Recently, at Zen Nova Scotia, we’ve been talking a lot about vow—what vow means for each of us, but also what it means for us as a group. Every time we gather, we recite the bodhisattva vows:
Beings are countless; I vow to free them all.
Delusions are inexhaustible; I vow to put an end to them.
Dharma gates are infinite; I vow to enter them.
The awakened way is unsurpassable; I vow to embody it.
This is just one translation of many, and each reflects a different understanding of the dharma (for example, some say “reality is boundless” instead of “dharma gates are infinite”—we can spend a lot of time trying to determine if that difference is big or small). But as we dissect these verses word by word, looking at all the possible variations, we keep circling back to one small-but-not-small thing: they all say “I.”
The thing is, there’s no “I” in the original. There’s no “we” or “you” either—it’s just implied. I’m not saying “I” is wrong; in fact, that’s almost certainly what was originally intended. I’m just saying there’s an opportunity here.
“Beings are countless; I vow to free them all”—it’s a powerful, beautiful thing to say, and a person can spend a lifetime wrestling with the question of whether or not they’re actually capable of accomplishing it. Saying it out loud is a way of trying on a kind of awesome responsibility, sitting in a seat regardless of whether you think it’s meant for you. If you’ve never said such a thing, I recommend that you start. Say it every day. See if it sinks in a little.
But it’s easy to see the danger, too—namely, that “I” am over here, and “they” are over there; they need to be freed, and I am the one to do it for them. If we take this up too literally, we can fall into the trap of sympathy, of feeling sorry for others instead of recognizing that we are always already suffering with them. The whole story of a bodhisattva, of one who takes up these vows, is that no one can be free unless and until everyone is. So even if someone’s particular bondage is foreign to me, even if I cannot imagine what it feels like to be in those shoes, as long as they are bound, I am bound with them. As long as they are suffering, I am not free from suffering.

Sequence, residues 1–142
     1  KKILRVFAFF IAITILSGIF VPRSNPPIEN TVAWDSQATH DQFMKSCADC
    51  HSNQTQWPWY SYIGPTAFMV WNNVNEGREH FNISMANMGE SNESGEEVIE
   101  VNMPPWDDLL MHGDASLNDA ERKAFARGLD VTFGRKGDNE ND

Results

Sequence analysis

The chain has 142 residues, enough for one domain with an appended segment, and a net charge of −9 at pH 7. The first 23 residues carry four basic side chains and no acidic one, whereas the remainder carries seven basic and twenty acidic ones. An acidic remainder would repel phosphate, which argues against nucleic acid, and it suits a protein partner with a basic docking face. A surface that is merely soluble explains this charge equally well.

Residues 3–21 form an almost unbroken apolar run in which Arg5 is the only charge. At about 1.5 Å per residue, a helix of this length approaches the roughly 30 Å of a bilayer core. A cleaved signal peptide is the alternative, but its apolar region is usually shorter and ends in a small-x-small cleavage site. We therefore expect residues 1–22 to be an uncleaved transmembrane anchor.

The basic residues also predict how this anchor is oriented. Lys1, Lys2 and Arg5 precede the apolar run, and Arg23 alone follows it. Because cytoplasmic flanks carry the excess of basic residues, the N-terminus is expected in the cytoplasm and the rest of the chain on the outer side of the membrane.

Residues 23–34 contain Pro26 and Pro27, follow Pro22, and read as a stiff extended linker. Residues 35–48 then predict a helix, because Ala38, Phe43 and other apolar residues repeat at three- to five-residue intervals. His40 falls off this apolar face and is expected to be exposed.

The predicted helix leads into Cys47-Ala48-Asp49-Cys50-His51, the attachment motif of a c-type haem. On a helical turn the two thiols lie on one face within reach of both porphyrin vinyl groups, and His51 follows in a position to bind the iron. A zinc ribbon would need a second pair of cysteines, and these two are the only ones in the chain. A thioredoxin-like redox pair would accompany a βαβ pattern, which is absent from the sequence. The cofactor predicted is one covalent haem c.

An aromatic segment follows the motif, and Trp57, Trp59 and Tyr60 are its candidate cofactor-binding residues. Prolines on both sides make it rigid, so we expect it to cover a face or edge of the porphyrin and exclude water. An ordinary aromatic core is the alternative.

There’s another part to this: you’re not alone. The Zen tradition is clear that no one else can do this work for you, but the truth is, countless beings already do the work with you. How many bodhisattvas do you know? They may not call themselves that; they may not even know the term. But they’ve framed their thoughts, words, and deeds in terms of generosity. Whether these same words or none at all, when you take up these vows, you take them up in partnership with everyone who is of the same heart. You are supporting them, and they are supporting you. We should be careful not to forget that.
Beings really are countless. We watch them on the news, and we see how hard it is for so many, and we forget we’re watching ourselves as well. What’s hard—for anyone, anywhere, anytime—is also hard for us. You might feel isolated. You might try to stand apart. We all do, sometimes. But you can never truly be separated—not by an inch, not by a breath. So maybe it isn’t “I vow to free them all”; maybe it’s “We vow to free us all.” Try that on. See what it opens up.
Author: Koun Franz
Koun Franz is a Montana-born Soto Zen priest who trained, taught, and translated in traditional monasteries in Japan. He is the guiding teacher of Zen Nova Scotia; his talks can be found on the ZNS Podcast.
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